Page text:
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New Hampshire Living Trust Form (Revocable)

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New Hampshire Living Trust Form (Revocable)

Updated May 08, 2024

A New Hampshire living trust allows the creator of the trust, known as the “grantor,” to transfer their assets into a separate entity to ensure that their estate is properly managed when they die. The grantor may alter or revoke this trust at any time, and the beneficiaries are able to bypass the probate process through which an estate is usually litigated in court.

Requirements (5)

  1. Competent: The grantor must have the capacity to establish a trust.
  2. Intent: The grantor must indicate an intention to establish a trust.
  3. Trustee’s Duties: The trustee must have duties to perform.
  4. Sole Trustee Cannot be the Sole Beneficiary: The same person cannot be the sole trustee and the sole beneficiary of a trust.
  5. Definite Beneficiary: Unless it is a charitable trust or a trust for the care of an animal, the trust must have a definite beneficiary.[1]

Laws

Amending/Revoking – Unless the terms of the trust state specifically that it is irrevocable, the grantor may alter or revoke the trust.[2]

Bond Requirement – The trustee must only put forward a bond if they have been ordered to do so by the court or if this is a requirement under the terms of the trust.[3]

Certification of Trust – The trustee may furnish a certification of trust in lieu of a copy of the trust instrument to a person who is not a beneficiary. This certification must contain the date the instrument was executed, the name of the grantor, and other information.[4]

Co-Trustees – If co-trustees are unable to reach a unanimous decision in administering the trust, then they may act by majority decision.[5]

Contesting a Trust – An action to contest a trust may not begin later than 180 days after the trustee provided notice of the trust’s existence and a copy of the trust instrument, or later than three years after the death of the grantor, whichever is earlier.[6]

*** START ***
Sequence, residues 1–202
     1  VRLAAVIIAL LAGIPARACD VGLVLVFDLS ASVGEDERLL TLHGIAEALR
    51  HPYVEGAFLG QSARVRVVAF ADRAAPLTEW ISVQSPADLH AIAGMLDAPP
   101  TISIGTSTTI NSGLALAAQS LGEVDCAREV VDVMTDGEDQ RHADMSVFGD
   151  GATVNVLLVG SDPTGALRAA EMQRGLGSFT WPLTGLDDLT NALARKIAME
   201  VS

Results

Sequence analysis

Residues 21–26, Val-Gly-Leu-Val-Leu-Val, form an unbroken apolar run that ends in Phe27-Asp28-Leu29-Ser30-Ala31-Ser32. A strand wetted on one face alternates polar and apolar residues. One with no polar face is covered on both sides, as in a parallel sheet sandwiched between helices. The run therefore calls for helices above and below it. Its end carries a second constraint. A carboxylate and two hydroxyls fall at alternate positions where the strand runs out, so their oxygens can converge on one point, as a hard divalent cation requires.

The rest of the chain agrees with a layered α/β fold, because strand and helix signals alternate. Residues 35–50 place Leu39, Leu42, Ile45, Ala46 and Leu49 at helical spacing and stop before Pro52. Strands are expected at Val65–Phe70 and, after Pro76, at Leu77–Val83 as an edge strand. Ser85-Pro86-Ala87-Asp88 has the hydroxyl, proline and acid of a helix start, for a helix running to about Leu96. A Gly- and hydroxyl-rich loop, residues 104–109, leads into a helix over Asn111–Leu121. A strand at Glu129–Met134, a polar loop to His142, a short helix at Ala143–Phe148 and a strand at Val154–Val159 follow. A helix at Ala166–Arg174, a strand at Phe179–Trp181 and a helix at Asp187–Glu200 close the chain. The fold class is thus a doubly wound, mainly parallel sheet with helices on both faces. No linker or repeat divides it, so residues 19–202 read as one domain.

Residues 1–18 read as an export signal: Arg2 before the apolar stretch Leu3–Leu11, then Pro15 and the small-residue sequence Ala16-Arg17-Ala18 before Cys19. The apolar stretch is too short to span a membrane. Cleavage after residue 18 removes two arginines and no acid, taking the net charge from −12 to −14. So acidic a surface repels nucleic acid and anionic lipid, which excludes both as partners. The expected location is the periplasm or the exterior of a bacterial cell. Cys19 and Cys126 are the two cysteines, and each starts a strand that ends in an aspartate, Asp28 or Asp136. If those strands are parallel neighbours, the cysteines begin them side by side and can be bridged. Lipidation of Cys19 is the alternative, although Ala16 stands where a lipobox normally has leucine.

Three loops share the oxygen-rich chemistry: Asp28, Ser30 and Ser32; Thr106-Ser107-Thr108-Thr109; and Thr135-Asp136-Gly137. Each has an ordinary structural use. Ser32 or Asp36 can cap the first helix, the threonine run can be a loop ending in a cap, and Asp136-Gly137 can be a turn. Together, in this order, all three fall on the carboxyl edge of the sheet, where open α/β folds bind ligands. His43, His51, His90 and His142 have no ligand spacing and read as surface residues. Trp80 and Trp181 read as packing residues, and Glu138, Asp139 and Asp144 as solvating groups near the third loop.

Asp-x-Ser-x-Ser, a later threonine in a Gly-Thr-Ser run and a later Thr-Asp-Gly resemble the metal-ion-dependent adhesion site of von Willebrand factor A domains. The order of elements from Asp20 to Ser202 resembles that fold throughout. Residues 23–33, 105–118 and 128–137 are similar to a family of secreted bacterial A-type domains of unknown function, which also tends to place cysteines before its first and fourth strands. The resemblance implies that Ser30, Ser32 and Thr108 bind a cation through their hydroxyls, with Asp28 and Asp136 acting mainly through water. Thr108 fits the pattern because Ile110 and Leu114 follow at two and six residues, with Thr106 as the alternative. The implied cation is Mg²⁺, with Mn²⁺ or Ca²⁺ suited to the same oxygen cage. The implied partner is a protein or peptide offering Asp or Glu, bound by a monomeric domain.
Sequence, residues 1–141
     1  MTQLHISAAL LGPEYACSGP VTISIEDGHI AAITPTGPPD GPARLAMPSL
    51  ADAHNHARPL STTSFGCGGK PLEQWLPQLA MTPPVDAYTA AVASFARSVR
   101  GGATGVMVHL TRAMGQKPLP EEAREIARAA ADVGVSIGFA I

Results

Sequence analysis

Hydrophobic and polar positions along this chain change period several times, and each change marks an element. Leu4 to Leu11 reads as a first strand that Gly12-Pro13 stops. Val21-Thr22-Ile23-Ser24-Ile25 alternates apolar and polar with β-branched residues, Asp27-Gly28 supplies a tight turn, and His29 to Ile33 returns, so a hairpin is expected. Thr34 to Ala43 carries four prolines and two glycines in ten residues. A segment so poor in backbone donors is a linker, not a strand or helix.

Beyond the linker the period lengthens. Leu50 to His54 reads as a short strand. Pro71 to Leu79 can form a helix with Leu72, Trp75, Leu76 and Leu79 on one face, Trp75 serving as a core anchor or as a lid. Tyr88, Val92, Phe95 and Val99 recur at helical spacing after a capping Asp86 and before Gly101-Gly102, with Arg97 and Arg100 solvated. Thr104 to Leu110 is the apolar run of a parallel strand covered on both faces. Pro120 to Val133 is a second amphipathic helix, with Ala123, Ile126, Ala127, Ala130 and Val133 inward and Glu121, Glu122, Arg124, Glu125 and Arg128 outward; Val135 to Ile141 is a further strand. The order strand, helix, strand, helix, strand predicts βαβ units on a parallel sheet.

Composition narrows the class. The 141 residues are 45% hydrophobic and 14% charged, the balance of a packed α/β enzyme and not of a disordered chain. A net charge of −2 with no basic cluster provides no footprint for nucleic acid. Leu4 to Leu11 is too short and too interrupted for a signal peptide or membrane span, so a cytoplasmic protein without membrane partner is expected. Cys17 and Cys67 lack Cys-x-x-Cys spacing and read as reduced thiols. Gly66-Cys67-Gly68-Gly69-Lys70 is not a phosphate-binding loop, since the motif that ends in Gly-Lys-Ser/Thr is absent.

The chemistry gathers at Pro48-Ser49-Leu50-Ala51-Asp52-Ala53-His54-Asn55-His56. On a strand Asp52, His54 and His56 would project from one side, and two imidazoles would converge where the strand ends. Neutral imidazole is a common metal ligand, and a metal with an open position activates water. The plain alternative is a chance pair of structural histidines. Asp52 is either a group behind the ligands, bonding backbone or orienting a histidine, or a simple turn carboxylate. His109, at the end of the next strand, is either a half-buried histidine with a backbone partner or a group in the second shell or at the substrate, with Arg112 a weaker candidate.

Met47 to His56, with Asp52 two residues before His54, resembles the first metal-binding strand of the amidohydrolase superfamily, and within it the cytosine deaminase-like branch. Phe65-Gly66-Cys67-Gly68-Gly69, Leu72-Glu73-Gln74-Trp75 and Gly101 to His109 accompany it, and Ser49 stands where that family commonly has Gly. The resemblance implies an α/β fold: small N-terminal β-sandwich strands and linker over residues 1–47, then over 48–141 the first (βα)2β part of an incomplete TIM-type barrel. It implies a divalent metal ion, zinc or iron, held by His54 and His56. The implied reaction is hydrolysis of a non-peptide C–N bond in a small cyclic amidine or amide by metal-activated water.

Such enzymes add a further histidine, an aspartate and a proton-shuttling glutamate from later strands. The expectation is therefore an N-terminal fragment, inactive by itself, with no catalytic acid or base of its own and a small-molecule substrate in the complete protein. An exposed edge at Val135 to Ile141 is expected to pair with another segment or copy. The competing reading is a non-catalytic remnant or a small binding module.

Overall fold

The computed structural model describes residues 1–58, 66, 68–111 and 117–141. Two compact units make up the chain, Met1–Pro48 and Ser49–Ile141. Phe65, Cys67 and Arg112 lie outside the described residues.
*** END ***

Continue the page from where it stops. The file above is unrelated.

Costs Related to the Trust – In administering the trust, the trustee must only incur costs that are reasonable in relation to their skills, the purposes of the trust, and the trust property.[7]

Jurisdiction – A living trust created in another state is valid in New Hampshire if it was created in compliance with the laws of that state.[8]

Oral Trusts – The creation of an oral trust can only be proven by clear and convincing evidence.[9]

Pet Trusts – A trust may be established to provide for the care of one or more animals alive during the grantor’s lifetime. The trust terminates when the last surviving animal being cared for passes away.[10]

Signing Requirements – A signature is not required by New Hampshire state law for a living trust to be valid.

Spendthrift Provision – A spendthrift provision must restrain both the voluntary and involuntary transfer of a beneficiary’s interest in order to be considered valid.[11]

Trustee’s Compensation – The trustee is entitled to compensation that is reasonable under the circumstances, unless the terms of the trust specify the trustee’s compensation.[12]

Trustee’s Duties – In managing and investing trust property, the trustee must act in good faith, in accordance with the purposes of the trust, and in the interest of its beneficiaries.[13]

Trustee’s Powers – In addition to the powers set out in the trust instrument, the trustee has the power to collect, sell, exchange, partition, or otherwise alter the character of trust property.[14]

Sources

  1. § 564-B:4-402(a)
  2. § 564-B:6-602(a)
  3. § 564-B:7-702(a)
  4. § 564-B:10-1013(a)
  5. § 564-B:7-703(a)
  6. § 564-B:4-406(b)
  7. § 564-B:8-805
  8. § 564-B:4-403
  9. § 564-B:4-407
  10. § 564-B:4-408(a)
  11. § 564-B:5-502(a)
  12. § 564-B:7-708(a)
  13. § 564-B:8-801
  14. § 564-B:8-816(a)